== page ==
Only 50% of Children Get Suggested ADHD Care
Feb. 22, 2000 (Lake Worth, Fla.) -- Only 50% of children diagnosed with attention deficit hyperactivity disorder (ADHD) receive care that corresponds to the guidelines of the American Academy of Child and Adolescent Psychiatry (AACAP) or the American Academy of Pediatrics (AAP), a study finds. The study, which appears in the February issue of the Journal of the American Academy of Child and Adolescent Psychiatry, says ADHD patients who are treated by a primary care physician are likely to get prescriptions for stimulants, but too often are not referred to specialists or given follow-up care.
"There are big differences between what research is showing to be optimal treatment practices for children with ADHD and what physicians in actual clinical practice are doing," Kimberly Hoagwood, PhD, main author of the study, tells WebMD. "The research base isn't being used as much as it could."
ADHD is often recognized in school-age children by their parents and teachers. When diagnosed by a physician, it is generally treated with a combination of prescription medications (usually stimulants), counseling, behavior modification, and education. The AACAP and AAP also suggest regular follow-up care.
The study, by Hoagwood and colleagues from the University of Pittsburgh School of Medicine and Medical Center, reviews the existing literature, guidelines, and clinical practice for treatment of ADHD, and analyzes a nationally representative survey of physicians. It found that whether children are given follow-up treatment and counseling may depend on what kind of physician they see.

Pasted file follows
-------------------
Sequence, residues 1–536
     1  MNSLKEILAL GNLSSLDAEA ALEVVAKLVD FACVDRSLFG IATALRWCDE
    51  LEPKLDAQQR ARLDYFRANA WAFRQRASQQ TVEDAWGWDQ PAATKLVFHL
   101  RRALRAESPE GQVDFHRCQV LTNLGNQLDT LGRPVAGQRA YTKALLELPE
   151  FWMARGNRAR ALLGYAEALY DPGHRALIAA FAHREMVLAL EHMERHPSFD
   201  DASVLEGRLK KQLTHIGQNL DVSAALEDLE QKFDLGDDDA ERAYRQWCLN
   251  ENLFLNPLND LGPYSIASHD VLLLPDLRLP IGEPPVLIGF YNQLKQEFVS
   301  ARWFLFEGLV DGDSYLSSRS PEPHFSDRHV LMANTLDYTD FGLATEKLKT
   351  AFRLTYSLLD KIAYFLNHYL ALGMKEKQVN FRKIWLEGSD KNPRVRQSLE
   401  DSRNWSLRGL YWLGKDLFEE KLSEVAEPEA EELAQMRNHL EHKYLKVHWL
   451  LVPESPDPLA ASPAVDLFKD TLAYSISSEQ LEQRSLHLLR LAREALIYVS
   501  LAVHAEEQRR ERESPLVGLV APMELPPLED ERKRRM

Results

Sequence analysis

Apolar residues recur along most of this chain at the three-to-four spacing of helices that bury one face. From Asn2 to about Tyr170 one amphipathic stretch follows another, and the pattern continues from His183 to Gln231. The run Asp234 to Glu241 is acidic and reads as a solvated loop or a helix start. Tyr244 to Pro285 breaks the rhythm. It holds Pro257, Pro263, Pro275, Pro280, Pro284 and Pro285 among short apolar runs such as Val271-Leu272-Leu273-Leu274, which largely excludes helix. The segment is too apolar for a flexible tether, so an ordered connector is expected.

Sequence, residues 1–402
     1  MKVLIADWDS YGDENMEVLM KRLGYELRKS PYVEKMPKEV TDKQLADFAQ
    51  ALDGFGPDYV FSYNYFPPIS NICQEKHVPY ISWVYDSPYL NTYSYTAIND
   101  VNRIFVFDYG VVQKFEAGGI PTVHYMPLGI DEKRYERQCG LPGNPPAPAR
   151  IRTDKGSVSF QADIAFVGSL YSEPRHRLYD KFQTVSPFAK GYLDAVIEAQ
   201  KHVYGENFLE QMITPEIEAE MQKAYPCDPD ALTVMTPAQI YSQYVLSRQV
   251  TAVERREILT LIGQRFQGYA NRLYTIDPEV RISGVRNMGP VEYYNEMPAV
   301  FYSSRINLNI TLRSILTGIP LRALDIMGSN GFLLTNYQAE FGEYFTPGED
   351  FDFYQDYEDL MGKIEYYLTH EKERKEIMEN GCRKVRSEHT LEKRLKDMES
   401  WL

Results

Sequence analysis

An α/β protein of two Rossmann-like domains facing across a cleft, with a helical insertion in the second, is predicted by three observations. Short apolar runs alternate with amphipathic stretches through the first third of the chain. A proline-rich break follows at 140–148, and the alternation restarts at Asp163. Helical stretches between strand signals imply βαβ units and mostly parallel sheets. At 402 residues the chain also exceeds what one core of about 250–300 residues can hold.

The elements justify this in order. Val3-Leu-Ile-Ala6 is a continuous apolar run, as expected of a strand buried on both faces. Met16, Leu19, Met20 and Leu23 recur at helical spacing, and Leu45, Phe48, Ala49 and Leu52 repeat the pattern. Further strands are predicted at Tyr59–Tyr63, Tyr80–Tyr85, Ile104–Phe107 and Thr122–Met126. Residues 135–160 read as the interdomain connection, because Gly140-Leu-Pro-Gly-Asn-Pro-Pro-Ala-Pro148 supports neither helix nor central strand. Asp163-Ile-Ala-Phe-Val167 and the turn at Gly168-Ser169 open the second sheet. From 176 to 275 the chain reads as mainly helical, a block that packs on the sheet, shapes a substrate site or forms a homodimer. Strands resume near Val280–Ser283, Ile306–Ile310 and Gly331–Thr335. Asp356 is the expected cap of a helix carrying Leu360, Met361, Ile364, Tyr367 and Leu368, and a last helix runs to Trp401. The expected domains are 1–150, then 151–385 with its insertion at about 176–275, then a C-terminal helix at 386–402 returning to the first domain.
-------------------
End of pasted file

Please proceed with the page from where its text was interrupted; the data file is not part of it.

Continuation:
"Family practitioners are more likely than pediatricians or psychiatrists to prescribe stimulants, and less likely to prescribe anything else," writes Hoagwood, associate director of child and adolescent research at the National Institute of Mental Health.
The researchers found that over 75% of children with ADHD were given prescriptions for stimulants in 1996, up from 55% in 1989. Screening services for children with attentional problems increased from 22% in 1989 to 62% in 1996. But visits to psychotherapists decreased from 40% in 1989 to 25% in 1996, and the rate of follow-up treatment dropped from just over 90% to 75%.
Factors that kept primary care physicians from referring children to specialists included a lack of pediatric specialists, difficulty in getting appointments, and nonacceptance of Medicaid patients, the study says.
Leon Zacharowicz, MD, a child neurologist practicing at the Nassau County Medical Center in Long Island, N.Y., finds the revelations disturbing.
"ADHD is not like a simple ear infection," Zacharowicz, who was not involved in the study, tells WebMD. "A lot of parents and primary doctors don't seem to fully understand that yet." He says that while many parents seek a quick-fix approach, it's up to doctors to educate them about the reality of the disorder.
"A disorder like [ADHD], which disrupts so much of the person on an ongoing basis throughout their life span, requires more than just popping a pill," he says. "I think that the study shows that specialists in general are more likely to provide better follow-up and more of a multimodal approach."
Zacharowicz says he uses an ABC approach to ADHD -- awareness, behavior management, counseling (for both the child and family), drugs, and education. The AACAP guidelines stress the importance of this approach.
The costs to society of failing to use this multipronged approach when treating children with ADHD can be devastating, Zacharowicz says. "Kids, adolescents, and young adults with [ADHD] are overrepresented in accidents, in the criminal justice system, on the unemployment line, and in divorce court," he says.